Recent and Notable Articles
Drunken Boat #8, 2006. http://www.drunkenboat.com/db8/index.html
A nonfiction short story on an admired shoe repairman (winner of the 2006 Drunken Boat Panliterary Award in nonfiction).
"A Thirst We Can't Quench,"
OnEarth Magazine, Fall 2006. http://www.nrdc.org/OnEarth/06fal/reviews.asp
An essay/review on the world's intensifying crisis in water scarcity.
"Over Her Dead Body,"
Mother Jones, July/August 2006. http://www.motherjones.com/news/hellraiser/2006/07/over_her_dead_body.html
A short portrait of Medha Patkar, the world's foremost antidam activist and the subject of the first third of Deep Water.
"Six Hundred Feet and Rising,"
OnEarth Magazine, Summer 2006.http://www.nrdc.org/onearth/06sum/shasta1.asp
A feature magazine article on the proposed raising of California's Shasta Dam and its devastating impact on the Winnemem Wintu tribe.
Columbia Journalism Review, May/June 2006.http://cjr.org/issues/2006/3/leslie.asp
An essay on writing, surgery, and addiction to pain medications.
"Damming the World Bank,"
Alternet, November 23, 2005. http://www.alternet.org/envirohealth/28622/
A short essay on the World Bank's devious approach to dam construction.
"A dam that would not die,"
Sacamento Bee, September 11, 2005. http://dwb.sacbee.com/content/opinion/story/13544056p-14384416c.html
An opinion piece on California's Auburn Dam, the project that again and again rises from the dead.
Orion, July/August 2005.
A portrait of Medha Patkar, the world's foremost anti-dam activist, adapted from Deep Water.
"In the Age of Perverse Beauty"
OnEarth Magazine, Summer 2005. http://www.nrdc.org/onearth/05sum/openspace.asp
Global warming as seductive spectacle.
"Using Narrative to Tell Stories About Water,"
Nieman Reports, Spring 2005.
On the creation of Deep Water.
"Running Dry: What Happens When the World No Longer Has Enough Freshwater?"
Harper's Magazine, July 2000 cover story.
A 12,000-word Harper's folio piece on the planet's accelerating water scarcity.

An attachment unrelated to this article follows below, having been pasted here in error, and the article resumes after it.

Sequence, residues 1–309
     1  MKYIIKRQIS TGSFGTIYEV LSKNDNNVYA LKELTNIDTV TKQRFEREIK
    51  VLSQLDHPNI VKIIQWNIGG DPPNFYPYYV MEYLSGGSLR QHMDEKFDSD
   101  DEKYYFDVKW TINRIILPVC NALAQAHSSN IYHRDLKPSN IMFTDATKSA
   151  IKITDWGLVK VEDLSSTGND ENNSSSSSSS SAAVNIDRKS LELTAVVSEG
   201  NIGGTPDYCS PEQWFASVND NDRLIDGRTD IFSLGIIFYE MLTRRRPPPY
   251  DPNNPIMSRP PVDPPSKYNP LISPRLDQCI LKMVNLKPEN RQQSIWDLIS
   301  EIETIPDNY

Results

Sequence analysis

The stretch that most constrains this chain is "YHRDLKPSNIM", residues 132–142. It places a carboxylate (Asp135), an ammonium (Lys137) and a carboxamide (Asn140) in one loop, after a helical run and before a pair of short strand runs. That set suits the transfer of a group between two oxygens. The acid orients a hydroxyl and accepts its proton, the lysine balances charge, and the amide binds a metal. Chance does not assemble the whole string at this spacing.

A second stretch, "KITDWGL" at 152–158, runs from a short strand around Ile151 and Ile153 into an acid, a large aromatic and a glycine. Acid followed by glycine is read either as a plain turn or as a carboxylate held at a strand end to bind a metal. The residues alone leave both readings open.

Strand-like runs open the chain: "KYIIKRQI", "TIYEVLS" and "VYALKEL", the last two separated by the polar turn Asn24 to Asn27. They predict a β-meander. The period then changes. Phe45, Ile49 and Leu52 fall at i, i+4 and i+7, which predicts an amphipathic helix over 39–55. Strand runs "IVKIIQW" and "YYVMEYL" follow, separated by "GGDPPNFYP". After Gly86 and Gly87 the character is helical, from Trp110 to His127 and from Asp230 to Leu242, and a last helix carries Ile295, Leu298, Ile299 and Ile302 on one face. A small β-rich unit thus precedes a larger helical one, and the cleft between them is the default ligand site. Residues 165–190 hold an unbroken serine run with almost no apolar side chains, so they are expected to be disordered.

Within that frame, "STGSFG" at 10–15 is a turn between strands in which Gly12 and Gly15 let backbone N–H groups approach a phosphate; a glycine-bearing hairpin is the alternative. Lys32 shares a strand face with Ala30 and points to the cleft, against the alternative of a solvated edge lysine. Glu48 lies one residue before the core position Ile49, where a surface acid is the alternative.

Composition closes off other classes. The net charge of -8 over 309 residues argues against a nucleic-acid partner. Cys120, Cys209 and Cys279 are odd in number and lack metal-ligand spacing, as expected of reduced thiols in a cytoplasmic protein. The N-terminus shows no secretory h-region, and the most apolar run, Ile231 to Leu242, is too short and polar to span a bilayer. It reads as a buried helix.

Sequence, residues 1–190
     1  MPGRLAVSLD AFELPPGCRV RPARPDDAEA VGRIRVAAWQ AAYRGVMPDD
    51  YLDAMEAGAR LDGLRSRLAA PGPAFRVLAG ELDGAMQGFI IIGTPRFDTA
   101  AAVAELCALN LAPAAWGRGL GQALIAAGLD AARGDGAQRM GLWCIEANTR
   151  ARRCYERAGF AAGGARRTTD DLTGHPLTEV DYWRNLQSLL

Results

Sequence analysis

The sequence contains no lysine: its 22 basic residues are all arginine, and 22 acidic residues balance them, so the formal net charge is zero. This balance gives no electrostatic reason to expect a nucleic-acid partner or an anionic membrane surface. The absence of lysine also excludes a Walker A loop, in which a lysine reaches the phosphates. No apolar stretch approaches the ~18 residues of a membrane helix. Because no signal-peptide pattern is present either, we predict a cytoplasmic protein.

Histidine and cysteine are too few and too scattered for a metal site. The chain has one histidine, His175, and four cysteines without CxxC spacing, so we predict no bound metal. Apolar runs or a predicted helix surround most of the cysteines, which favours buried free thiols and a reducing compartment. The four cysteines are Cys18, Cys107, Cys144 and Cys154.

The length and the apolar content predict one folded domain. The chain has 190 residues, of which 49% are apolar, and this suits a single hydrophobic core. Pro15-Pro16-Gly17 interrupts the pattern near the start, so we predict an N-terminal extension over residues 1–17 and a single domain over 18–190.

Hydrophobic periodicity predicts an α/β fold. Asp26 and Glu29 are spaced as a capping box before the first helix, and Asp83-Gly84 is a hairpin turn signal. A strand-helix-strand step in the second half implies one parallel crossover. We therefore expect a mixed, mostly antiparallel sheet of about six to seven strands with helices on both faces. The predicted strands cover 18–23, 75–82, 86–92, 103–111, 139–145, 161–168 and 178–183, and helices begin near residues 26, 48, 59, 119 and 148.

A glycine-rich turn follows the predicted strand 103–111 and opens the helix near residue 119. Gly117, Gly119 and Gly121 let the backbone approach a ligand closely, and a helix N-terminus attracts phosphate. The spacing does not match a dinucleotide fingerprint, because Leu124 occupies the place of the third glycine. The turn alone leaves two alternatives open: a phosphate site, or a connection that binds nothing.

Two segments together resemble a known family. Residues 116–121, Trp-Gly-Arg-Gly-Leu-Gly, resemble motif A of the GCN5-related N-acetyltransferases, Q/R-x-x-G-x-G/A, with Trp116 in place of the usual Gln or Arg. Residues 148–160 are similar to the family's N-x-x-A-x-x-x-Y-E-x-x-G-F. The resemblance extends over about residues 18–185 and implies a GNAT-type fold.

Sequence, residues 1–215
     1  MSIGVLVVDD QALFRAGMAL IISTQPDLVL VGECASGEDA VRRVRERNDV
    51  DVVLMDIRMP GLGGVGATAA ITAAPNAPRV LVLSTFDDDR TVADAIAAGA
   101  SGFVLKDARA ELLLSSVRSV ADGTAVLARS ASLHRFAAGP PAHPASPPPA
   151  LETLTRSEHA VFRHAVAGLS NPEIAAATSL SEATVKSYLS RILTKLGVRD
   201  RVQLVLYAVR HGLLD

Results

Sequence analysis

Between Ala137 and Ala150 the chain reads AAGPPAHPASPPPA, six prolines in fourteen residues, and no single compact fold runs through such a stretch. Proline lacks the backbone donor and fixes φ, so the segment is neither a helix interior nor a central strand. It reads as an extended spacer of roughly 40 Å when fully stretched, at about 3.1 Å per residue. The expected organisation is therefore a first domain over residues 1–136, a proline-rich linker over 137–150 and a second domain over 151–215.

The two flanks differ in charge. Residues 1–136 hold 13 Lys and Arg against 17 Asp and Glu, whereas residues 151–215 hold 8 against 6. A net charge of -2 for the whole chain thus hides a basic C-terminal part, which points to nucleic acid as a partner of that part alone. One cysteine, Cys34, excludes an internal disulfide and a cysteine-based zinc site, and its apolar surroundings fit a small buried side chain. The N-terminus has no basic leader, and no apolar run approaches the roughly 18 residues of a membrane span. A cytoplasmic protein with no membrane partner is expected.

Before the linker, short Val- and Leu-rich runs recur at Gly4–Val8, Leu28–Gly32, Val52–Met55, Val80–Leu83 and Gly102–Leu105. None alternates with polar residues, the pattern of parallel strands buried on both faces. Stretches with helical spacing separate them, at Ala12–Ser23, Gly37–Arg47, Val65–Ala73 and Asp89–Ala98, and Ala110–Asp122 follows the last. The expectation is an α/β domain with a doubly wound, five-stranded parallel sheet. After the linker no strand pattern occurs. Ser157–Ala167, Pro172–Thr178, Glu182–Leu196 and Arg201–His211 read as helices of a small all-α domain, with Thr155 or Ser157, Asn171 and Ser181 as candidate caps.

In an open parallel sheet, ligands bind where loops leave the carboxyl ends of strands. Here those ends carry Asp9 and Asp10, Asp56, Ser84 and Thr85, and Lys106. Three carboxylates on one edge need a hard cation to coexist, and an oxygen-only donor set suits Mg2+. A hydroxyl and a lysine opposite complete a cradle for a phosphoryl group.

"Smirk from the Past"
Salon, March 1, 2000.
Why my classmate George W. Bush and I are mirror images, linked but opposite.
Wired, November 1999.
The incongruity of telecommunications in Cambodia.
"Powerless" and "Life in the Dark"
Wired, April 1999 cover story.
Power blackouts that (unlike Y2K) really happened. http://www.wired.com/wired/archive/7.04/life.html
"Dawn of the Hydrogen Age" http://www.wired.com/wired/5.10/hydrogen.html
Wired, October 1997.
The Promise of fuel cell technology.
Wired, March 1994.
The social impact of email.
Newsweek, February 15, 1993.
On being Leslie Leslie.
Newspaper Articles (Los Angeles Times)
The Mark provides background to all these stories.
July 23, 1972
November 21, 1972.
«The following stories from Vietnam won A Sigma Delta Chi Distinguished Service Award, an Overseas Press Club citation, and a Pulitzer Prize nomination for foreign correspondence.»
February 1, 1973.
An account of the first visit by an American correspondent into Viet Cong territory in South Vietnam.
February 2, 1973.
Analysis based on my trip to Viet Cong territory.
February 4, 1973.
More reflections on the Viet Cong visit.
March 4, 1973.
A clandestine hospital room meeting with 13 survivors of South Vietnam's notorious "tiger cages."
March 8, 1973.
As I watched, female inmates in the prison ward of a province hospital suffered seizures as a result of torture by electricity inflicted months earlier.
April 23, 1973.
This story and the next two were based on documents surreptitiously taken out of the United States embassy in Saigon.
May 26, 1973
May 27, 1973.
June 20, 1973.
I became curious when I read that the Japanese manager of Mitsubishi's Saigon branch had been imprisoned without explanation. This story was the main factor in my expulsion from South Vietnam a month after it appeared.